Martinez election tops story list for NM in 2010

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By Associated Press

ALBUQUERQUE — Susana Martinez will become New Mexico’s first woman governor — and the first Hispanic female governor anywhere in the United States. Her victorious campaign was the runaway choice as the state’s biggest news story of 2010.
Martinez, the Republican district attorney in Dona Ana County, defeated Democratic Lt. Gov. Diane Denish in the November general election.
When she takes office Jan. 1, Martinez will confront another issue that was voted one of New Mexico’s top news stories of the year.
The state’s $400 million budget deficit will become a priority for the incoming Martinez administration. Only days after her election victory, Martinez learned the figure had increased from an estimated $200 million during the campaign.
She said the challenge of balancing the budget will require a bipartisan effort.
“We must do more than just change the party in power if we’re going to set a new course in New Mexico,” Martinez said on election night. “We must work across party lines — Republicans and Democrats — to move our state forward. We have a lot of work to do.”
According to results of voting by Associated Press newspaper and broadcast members around the state, campaign coverage and election night results dominated the news this year.
The New Mexico congressional races were contested amid a national mood that favored Republicans as they seized control of the U.S. House.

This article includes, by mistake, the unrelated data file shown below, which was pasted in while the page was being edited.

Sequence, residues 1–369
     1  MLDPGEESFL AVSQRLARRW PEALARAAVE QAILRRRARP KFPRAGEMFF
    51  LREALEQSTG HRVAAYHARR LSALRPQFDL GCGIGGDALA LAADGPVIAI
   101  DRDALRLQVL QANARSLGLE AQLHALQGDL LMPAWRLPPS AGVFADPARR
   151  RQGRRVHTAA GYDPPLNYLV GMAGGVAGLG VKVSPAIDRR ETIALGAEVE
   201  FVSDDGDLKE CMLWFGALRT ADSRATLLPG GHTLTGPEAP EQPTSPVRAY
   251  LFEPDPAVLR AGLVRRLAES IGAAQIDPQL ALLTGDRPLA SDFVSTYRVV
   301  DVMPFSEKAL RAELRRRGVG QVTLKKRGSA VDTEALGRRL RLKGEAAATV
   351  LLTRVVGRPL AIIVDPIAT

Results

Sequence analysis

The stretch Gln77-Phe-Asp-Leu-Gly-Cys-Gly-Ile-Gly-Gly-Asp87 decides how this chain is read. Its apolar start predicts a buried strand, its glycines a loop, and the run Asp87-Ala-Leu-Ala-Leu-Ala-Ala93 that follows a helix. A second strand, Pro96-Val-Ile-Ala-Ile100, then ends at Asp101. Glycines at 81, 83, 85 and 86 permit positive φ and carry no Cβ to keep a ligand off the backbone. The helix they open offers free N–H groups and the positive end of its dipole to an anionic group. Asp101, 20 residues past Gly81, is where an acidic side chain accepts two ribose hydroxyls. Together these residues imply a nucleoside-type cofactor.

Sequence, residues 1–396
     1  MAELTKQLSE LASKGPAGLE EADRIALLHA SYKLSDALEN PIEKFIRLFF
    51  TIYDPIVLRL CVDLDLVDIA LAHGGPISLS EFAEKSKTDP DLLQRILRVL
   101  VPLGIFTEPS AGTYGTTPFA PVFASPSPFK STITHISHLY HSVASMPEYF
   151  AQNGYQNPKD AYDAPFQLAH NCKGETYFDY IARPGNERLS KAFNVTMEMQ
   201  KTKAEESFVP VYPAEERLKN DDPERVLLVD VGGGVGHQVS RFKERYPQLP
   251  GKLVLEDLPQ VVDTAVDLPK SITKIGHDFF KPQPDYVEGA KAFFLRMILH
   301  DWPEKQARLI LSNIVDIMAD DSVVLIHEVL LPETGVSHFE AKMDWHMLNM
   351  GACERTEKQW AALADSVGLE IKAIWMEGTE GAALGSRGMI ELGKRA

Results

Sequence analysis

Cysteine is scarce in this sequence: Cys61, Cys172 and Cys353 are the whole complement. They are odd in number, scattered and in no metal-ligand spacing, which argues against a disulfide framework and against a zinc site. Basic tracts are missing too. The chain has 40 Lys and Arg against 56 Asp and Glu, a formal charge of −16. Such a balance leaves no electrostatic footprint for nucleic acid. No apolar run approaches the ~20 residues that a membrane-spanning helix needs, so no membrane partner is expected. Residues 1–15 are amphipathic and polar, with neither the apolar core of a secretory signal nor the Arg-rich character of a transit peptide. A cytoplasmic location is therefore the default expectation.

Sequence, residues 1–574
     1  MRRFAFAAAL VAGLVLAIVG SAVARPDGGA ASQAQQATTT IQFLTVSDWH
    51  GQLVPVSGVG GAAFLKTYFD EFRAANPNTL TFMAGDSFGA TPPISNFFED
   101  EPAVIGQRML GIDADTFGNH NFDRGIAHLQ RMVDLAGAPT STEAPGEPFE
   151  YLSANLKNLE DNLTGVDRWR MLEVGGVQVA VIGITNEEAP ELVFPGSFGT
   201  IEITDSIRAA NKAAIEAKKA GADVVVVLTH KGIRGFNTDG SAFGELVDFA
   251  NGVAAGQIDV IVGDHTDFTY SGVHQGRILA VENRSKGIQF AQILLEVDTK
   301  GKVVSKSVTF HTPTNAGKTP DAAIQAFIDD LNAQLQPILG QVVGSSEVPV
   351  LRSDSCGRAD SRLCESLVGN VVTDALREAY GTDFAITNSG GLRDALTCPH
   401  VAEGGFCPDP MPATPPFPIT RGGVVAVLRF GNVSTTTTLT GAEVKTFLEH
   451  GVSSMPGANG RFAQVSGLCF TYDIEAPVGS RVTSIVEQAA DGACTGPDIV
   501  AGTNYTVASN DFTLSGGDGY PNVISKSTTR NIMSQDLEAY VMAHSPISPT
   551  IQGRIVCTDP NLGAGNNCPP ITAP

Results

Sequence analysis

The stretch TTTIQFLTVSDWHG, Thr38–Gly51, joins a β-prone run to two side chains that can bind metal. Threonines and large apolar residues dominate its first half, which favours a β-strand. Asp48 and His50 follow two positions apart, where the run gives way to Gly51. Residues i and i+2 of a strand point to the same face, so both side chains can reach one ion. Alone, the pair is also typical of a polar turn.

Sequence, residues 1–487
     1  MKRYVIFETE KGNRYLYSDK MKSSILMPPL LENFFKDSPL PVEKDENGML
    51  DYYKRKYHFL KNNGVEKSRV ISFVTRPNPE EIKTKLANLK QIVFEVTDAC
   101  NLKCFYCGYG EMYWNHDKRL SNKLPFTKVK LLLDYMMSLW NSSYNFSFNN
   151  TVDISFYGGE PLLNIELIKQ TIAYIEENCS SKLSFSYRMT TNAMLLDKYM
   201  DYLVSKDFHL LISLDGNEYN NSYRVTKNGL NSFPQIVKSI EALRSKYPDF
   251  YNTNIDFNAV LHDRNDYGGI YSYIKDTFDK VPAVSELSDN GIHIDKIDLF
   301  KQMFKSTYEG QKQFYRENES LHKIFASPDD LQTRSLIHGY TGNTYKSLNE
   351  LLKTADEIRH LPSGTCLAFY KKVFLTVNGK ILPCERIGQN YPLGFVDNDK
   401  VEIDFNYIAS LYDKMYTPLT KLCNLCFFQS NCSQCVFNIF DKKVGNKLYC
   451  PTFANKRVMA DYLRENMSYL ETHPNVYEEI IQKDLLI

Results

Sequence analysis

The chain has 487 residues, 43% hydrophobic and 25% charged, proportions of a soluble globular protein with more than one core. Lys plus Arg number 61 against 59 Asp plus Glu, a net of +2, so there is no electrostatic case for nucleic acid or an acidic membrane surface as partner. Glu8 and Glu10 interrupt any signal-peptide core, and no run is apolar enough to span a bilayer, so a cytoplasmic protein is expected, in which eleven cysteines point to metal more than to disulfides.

In southern New Mexico’s sprawling congressional district, former Rep. Steve Pearce won back his old job by beating incumbent Democratic Rep. Harry Teague.
The state’s two other first-term Democrats fared better: Rep. Ben Ray Lujan defended his northern New Mexico seat against GOP challenger Tom Mullins and Rep. Martin Heinrich retained the Albuquerque-area seat over Republican Jon Barela.
In state-level campaigns, Republicans made big gains in the New Mexico House, winning eight legislative races to trim the Democrats’ majority to 37-33 and alter the political landscape in Santa Fe as Martinez takes over for the term-limited Richardson.
The headlines in New Mexico in 2010 also featured prominent crime stories and federal investigations.
Two Arizona prison escapees and a woman accused of helping them were indicted on capital murder and carjacking charges in the deaths of an Oklahoma couple near Santa Rosa. The victims were on a camping trip to Colorado and encountered the escapees at a rest stop.
U.S. Attorney Kenneth Gonzales said Gary and Linda Haas simply were “two people on vacation who happened to be at the wrong place at the wrong time.”
In Farmington, a case that shocked the community became the first in the nation to be prosecuted under a new federal law expanding civil rights protections after three men were accused of branding a swastika on a developmentally disabled Navajo man.
Former Los Alamos National Laboratory physicist Leonardo Mascheroni and his wife were arrested and charged with offering to help develop a nuclear weapon for Venezuela during their dealings with an undercover FBI agent who was posing as a representative of the Venezuelan government.
In the fall, New Mexico’s close-knit ballooning community confronted a tragedy after acclaimed balloonists Richard Abruzzo of Albuquerque and Carol Rymer Davis of Denver died when their gas balloon crashed into the Adriatic Sea during the Gordon Bennett race.
Finally, an Associated Press analysis showed New Mexico, Washington and Utah — states that issue driver’s licenses to foreign nationals — reported a surge in immigrants seeking licenses. Experts attributed the trend to immigration crackdowns in Arizona and elsewhere.